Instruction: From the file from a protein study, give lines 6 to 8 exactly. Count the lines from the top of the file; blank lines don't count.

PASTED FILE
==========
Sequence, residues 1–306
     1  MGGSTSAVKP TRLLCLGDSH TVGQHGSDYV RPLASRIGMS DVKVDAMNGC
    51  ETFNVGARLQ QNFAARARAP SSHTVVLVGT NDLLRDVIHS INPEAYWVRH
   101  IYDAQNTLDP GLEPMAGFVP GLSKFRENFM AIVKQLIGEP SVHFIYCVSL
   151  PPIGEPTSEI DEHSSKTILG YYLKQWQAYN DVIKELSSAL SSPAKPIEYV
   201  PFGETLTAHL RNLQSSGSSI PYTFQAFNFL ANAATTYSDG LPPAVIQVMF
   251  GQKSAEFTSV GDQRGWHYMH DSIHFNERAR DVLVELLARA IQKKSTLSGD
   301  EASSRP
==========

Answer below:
   201  PFGETLTAHL RNLQSSGSSI PYTFQAFNFL ANAATTYSDG LPPAVIQVMF
   251  GQKSAEFTSV GDQRGWHYMH DSIHFNERAR DVLVELLARA IQKKSTLSGD
   301  EASSRP